Its a common issue, how often do directors buy things in their own name or perhaps use their personal amazon prime account for convienence.
The invoice is then addressed to them not to the company!
VIT13400 – VAT Input Tax basics: when input tax can be claimed by the business on supplies to employees
You must take care in applying the supply rule when the third party is an employee. Here are some examples of supplies made to the employer, provided the employer meets the full cost, even when it may look as if the employee has received the supply:
- road fuel and other motoring expenses;
- subsistence costs such as meals and accommodation necessarily paid for whilst away from the normal workplace;
- removal expenses arising from company relocations or transfer of staff;
- sundry items such as small tools or materials purchased on site.
This list is not exhaustive.
You should decide whether the supply is legitimately paid for by the employer for the purpose of the business. If it clearly is then input tax should be recovered. This is in keeping with the intention of the legislation.
Simplified VAT Invoices for items worth less than £250 – these invoices don’t show the customers details
Simplified invoices only need to include the following information:
- The name, address and VAT registration number of the supplier
- A unique invoice number
- The tax point, also known as the ‘time of supply’ – (This is the date that the transaction actually takes place and is used for VAT purposes. The tax point may be different from the invoice date.)
- A description of the products or services that are sold
- The VAT rate of each invoiced item – (If an item is VAT exempt or zero-rated, then the invoice must show that there’s no VAT charged on that item.)
- The total amount, including VAT
Unlike an ordinary invoice, it’s not necessary to include your customer’s name and address, or the date the invoice was issued. Other information about prices and VAT, such as the total amount of VAT, the price of each item without VAT and the pre-tax total, can be omitted.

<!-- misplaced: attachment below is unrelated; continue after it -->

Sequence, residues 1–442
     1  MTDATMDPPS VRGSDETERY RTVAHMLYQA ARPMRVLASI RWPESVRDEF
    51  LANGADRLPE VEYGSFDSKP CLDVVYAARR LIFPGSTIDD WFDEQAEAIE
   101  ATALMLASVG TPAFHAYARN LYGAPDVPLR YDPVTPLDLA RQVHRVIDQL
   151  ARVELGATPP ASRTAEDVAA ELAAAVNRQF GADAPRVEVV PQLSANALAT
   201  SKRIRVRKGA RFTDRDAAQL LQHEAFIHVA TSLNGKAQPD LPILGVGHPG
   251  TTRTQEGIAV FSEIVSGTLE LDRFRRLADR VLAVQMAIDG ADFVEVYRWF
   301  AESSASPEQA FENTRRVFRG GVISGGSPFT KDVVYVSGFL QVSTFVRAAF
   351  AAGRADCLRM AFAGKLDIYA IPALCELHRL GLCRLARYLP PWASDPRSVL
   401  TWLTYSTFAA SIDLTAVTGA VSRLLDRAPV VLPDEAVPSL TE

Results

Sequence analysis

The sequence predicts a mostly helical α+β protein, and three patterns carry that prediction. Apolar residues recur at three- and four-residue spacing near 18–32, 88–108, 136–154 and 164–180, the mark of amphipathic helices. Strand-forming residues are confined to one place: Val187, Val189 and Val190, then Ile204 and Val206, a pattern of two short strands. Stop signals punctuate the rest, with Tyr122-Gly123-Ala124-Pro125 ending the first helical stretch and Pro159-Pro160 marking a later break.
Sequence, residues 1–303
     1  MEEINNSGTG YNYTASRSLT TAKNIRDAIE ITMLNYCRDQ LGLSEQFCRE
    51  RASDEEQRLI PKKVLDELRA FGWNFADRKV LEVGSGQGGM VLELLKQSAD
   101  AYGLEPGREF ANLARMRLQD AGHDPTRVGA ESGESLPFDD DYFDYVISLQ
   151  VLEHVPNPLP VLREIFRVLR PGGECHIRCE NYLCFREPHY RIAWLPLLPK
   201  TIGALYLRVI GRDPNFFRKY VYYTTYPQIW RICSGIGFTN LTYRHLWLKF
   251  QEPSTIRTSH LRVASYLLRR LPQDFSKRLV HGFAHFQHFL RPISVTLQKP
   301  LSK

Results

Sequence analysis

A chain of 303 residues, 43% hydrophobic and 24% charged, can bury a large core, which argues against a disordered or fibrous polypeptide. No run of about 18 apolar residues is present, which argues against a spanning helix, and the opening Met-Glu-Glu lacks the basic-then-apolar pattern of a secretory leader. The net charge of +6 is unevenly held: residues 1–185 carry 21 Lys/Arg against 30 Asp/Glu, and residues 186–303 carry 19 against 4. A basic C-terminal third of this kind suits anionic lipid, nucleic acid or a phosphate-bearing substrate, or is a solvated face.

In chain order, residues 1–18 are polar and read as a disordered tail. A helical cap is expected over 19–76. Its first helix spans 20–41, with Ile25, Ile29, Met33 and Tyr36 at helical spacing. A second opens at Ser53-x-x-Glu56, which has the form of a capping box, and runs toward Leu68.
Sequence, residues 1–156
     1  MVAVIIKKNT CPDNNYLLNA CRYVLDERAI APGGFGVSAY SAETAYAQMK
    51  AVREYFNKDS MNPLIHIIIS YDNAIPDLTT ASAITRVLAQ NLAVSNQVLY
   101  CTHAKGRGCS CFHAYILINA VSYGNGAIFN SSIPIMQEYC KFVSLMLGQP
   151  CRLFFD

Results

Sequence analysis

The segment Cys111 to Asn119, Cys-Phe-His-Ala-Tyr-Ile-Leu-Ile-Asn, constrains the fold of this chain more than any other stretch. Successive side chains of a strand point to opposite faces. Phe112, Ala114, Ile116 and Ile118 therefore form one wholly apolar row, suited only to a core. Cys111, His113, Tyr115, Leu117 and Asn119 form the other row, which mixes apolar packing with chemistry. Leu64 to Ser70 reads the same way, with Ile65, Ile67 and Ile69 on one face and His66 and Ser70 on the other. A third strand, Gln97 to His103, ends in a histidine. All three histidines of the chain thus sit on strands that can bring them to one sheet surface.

What if the above don’t apply and you can’t get the supplier to correct the invoice? Will HMRC reject you VAT reclaim?
First you need to keep notes of your attempts to get a valid invoice.
Then to persuade HMRC that the VAT reclaim is valid you will need to prove
- There has been an actual supply of goods or services to your business
- Your business received the goods and services and that they don’t belong to another person or business
- You have some documentary evidence to support the claim such as contracts, purchase orders, correspondence, you may also be able to link the purchase to a sale
VIT31200 – How to treat input tax: alternative evidence for claiming input tax
Questions to determine whether there is a right to deduct in the absence of a valid VAT invoice
- Do you have alternative documentary evidence other than an invoice (for example a supplier statement)?
- Do you have evidence of receipt of a taxable supply on which VAT has been charged?
- Do you have evidence of payment?
- Do you have evidence of how the goods/services have been consumed within your business or evidence about their onward supply?
- How did you know the supplier existed?
- How was your relationship with the supplier established? For example:
- How was contact made?
- Do you know where the supplier operates from (have you been there?)
- How do you contact them?
- How do you know they can supply the goods or services?
- If goods, how do you know they are not stolen?
- How do you return faulty supplies?
- the supply is of goods not specified as subject to widespread fraud and abuse; and
- the taxpayer can provide satisfactory alternative evidence of the supply (questions 1-4); and
- there are no grounds to suspect abuse or fraudulent intent on the part of the claimant
HMRC staff should normally exercise their discretion to allow the taxpayer to deduct the input tax.